ASYLUM is a big fan of Madlove. Madlove is a big idea. Genuine asylum, designed by people who have experienced the mental health system, is close to our hearts and roots. So, we are delighted to feature an update about this exciting project.
As well as spreading the Madlove around, Asylum is also a space for dialogue and debate. Samei Huda has become a thorn in the side of psychiatric critics and, in this issue, he takes the critical psychiatry movement to task. To promote discussion, we invited friends of Asylum, Joanna Moncrieff and Duncan Double, who are also members of the Critical Psychiatry Network, to respond.
Meanwhile, psychiatry continues to come under scrutiny. Peter Beresford suggests there might be a disturbing alliance between right-wing populist politics and psychiatric thinking. Rupert Whitaker highlights how 18th century psychiatry still pervades 21st century services. John Zurn urges us to recognise the ‘secret suffering’ which continues to be hidden in, and by, the mental health system. At the policy level, Matt Smith makes a case for a Universal Basic Income to address structural inequalities underpinning public suffering.
In a moving personal account, Eleanor Higgins makes sense of her own experience of madness and those who supported her. In lighter pieces, regular contributors, ‘Alastor Nemesis’ and Mark Bertram pay tribute to memorable characters who feature in their own versions of ‘recovery’. Sonia Soans reflects on the teachings of a discredited psychologist and Darcy Leigh records her involvement in organising two Mad activist groups.
Whilst some people organise, others express their activism through other means. Asylum continues to be enriched by a diverse range of creative contributions, including graphics and poetry. We conclude this issue with a review of Shy Radicals, a ground-breaking book about another big idea and a new kind of politics. Asylum magazine shares its aim of creating space for a quieter, but no less radical, mental health politics.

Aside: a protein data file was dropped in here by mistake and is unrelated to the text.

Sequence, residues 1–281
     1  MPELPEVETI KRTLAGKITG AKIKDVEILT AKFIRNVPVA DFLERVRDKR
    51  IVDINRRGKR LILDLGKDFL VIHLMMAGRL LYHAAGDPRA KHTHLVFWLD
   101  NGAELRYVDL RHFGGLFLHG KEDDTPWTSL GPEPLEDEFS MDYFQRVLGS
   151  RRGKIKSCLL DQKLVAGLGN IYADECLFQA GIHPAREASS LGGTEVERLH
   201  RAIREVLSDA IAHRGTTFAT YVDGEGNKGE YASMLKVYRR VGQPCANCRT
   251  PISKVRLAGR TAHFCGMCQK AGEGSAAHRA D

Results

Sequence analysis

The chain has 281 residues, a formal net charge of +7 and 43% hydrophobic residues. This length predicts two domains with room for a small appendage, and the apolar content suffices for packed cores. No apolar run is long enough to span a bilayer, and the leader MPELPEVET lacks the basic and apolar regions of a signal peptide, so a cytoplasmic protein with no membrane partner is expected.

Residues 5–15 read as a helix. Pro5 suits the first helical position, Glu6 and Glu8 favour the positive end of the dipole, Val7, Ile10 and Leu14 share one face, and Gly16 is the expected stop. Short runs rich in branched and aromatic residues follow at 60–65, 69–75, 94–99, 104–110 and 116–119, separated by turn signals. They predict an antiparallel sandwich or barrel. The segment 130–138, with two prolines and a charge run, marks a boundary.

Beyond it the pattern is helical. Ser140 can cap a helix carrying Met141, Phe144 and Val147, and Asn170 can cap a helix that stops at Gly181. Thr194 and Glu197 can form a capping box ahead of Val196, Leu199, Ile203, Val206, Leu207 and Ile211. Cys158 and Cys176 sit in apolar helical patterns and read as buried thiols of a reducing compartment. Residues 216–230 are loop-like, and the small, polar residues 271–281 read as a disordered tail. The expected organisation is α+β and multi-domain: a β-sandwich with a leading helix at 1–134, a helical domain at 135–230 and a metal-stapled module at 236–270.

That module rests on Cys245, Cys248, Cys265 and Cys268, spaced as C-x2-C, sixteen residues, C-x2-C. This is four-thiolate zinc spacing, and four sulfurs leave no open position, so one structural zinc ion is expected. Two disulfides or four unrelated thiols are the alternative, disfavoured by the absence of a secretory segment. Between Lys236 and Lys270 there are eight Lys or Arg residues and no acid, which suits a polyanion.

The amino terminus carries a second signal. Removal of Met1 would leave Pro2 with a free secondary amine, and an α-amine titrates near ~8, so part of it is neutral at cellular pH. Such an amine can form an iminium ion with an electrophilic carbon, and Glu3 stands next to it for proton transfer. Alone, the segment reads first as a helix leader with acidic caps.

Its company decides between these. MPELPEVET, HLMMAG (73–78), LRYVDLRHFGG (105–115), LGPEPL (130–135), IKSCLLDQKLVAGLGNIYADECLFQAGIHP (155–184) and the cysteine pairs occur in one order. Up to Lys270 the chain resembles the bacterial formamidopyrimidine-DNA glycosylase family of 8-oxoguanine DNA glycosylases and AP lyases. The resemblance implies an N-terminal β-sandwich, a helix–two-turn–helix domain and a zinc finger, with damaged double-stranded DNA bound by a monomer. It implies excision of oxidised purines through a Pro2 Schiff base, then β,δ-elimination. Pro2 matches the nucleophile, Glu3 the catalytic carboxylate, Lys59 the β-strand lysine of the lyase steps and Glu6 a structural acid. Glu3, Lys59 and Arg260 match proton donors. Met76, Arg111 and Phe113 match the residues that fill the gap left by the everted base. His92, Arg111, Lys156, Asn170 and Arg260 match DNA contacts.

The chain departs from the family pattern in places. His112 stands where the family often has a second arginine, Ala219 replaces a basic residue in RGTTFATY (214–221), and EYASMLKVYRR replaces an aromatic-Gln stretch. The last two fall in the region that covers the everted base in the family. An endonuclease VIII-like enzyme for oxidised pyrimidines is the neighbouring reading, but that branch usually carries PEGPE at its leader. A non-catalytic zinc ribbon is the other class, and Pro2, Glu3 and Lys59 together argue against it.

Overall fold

Download Volume 27 No 1
5 years of Madlove – The Vacuum Cleaner (AKA James Leadbitter) ***SAMPLE ARTICLE***
Critical Psychiatry – Dead Ends and Avenues of Opportunity – Ahmed Samei Huda
In Defence of Critical Psychiatry – Joanna Moncrieff and Duncan Double
A fond memory of squatter’s rights and a funny High Court Judge – Mark Bertram
Encountering the Other Side of Madness – Eleanor Higgins
The Mental Health Case for Universal Basic Income – Matt Smith ***SAMPLE ARTICLE
It snipped at my heart
The Secret Suffering of the Mentally Ill – John F Zurn
Letter – Chris Andrews
The Messiness of Mad Organising – Darcy Leigh
What is it like teaching Eysenck in 2020? – Sonia Soans
STRAIGHT JACKET – Reviewed by Dolly Sen
FROGS FOR PATTI SMITH – Reviewed by William Park
THE MAD HATTER’S TEA PARTY – Reviewed by Jeremy Spandler
The Psychiatrisation of Politics – Peter Beresford
Poems – David Icenogle, Frankie Konieczki, Mark A.Murphy and Steve Popkin
18th Century Psychiatry in 21st Century Courts: Has much really changed? – Rupert Whitaker
Dexter, the Serial Killer CPN – Alastor Nemesis
SHY RADICALS – Reviewed by Ian Parker
- The lunatics are taking over the . . . means of production: 5 years of Madlove – The Vacuum Cleaner (AKA James Leadbitter)
- The Mental Health Case for Universal Basic Income – Matt Smith
To read more. . . . . .